Valeria Golino portrays the conflict expertly. As Marianne and Héloïse teach us, it’s all in her presence delivered through her eyes and subtle gestures. She crosses her hands at her wrists as she tells Marianne she must sneakily paint Héloïse against her will. The gesture is demure—La Comtesse knows the rules for women of the era and will uphold them. Yet in the background is a lively photo of La Comtesse right before she lost her name to her husband’s title. Her eyes rake the painting, recall when she was most herself, and both flatten and pierce as she says she knows her daughter has refused the portrait in order to refuse the marriage. She remembers what it was like to be a woman on fire herself, but also that society demands she force her daughter into marriage. At least there will be the painting, at least there will be a film that brings us to the bonfire, if it can only flicker for a moment.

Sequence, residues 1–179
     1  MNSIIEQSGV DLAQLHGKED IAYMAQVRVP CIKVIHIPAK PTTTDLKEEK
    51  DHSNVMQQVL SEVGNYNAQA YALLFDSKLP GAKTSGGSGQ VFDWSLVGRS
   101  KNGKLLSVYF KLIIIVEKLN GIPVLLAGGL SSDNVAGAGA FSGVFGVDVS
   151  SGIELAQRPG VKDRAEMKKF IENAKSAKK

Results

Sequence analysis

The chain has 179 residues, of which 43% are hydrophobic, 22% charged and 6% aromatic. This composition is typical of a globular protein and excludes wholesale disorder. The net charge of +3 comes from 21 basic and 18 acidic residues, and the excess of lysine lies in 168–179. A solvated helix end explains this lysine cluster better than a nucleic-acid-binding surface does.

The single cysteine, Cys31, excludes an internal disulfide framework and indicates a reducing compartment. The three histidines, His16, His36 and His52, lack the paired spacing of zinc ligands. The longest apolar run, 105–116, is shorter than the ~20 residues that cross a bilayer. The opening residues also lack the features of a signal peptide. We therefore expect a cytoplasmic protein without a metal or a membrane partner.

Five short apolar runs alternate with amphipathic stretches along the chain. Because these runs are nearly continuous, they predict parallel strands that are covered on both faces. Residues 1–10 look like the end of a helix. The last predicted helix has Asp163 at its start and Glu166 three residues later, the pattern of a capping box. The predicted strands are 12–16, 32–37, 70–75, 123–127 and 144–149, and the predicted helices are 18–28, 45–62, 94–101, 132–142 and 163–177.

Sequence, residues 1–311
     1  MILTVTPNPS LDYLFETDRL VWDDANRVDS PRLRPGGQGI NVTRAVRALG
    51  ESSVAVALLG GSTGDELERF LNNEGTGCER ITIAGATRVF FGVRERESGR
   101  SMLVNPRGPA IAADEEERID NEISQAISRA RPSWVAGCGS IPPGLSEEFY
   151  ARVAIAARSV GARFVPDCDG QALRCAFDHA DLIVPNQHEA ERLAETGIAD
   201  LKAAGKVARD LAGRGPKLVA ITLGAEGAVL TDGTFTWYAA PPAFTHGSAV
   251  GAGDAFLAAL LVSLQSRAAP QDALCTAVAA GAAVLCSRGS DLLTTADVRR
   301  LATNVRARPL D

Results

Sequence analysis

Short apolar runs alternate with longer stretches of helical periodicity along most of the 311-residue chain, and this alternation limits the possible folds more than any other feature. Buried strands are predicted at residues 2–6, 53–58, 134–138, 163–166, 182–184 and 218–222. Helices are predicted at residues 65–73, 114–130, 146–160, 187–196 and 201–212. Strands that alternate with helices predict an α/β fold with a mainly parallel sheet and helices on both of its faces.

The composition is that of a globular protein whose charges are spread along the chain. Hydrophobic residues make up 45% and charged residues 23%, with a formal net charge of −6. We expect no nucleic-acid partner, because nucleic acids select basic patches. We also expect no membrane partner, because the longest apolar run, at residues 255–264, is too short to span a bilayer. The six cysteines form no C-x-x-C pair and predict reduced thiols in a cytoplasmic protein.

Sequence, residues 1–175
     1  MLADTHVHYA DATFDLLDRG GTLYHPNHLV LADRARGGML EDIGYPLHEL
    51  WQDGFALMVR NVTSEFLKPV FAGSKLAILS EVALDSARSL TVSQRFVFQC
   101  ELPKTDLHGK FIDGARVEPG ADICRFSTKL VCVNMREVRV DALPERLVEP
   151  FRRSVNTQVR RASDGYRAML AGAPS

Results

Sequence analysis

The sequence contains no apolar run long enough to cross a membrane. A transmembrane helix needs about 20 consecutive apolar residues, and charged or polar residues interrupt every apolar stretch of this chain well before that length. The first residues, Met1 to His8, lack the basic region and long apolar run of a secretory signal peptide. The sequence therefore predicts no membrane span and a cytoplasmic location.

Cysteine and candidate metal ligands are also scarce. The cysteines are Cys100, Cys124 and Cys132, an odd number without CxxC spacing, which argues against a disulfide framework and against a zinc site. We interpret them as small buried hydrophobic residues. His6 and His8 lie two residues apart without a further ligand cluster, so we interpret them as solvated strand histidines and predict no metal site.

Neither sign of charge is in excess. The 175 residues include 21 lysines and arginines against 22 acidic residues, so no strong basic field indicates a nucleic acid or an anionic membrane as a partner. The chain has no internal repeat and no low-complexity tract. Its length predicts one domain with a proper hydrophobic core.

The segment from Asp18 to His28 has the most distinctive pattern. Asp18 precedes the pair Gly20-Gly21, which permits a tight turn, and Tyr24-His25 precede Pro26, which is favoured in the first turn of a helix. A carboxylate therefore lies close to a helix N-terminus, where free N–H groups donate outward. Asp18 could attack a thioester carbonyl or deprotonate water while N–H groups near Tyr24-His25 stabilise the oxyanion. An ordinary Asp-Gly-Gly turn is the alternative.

KM: Yes, I agree. It’s one of the sadder elements of the film, the way women cannot just be women, that there must always be proximity to men. It makes me think of French theorist Monique Wittig who claims that lesbians are the only figure not defined by their proximity to men, but are rather defined by their proximity to other women. She calls a lesbian not-woman because woman is defined by, as you stated, being not man, but yet connected to man. This film shows that sadly there is no space for women, lesbian or queer, to be completely free of man. And when I say man, I don’t mean individuals, but rather the patriarchal order. Héloïse and Marianne have an affair—I cannot define their sexuality through this—that they are not free to continue, they cannot remain in this female space. They must return to patriarchal society.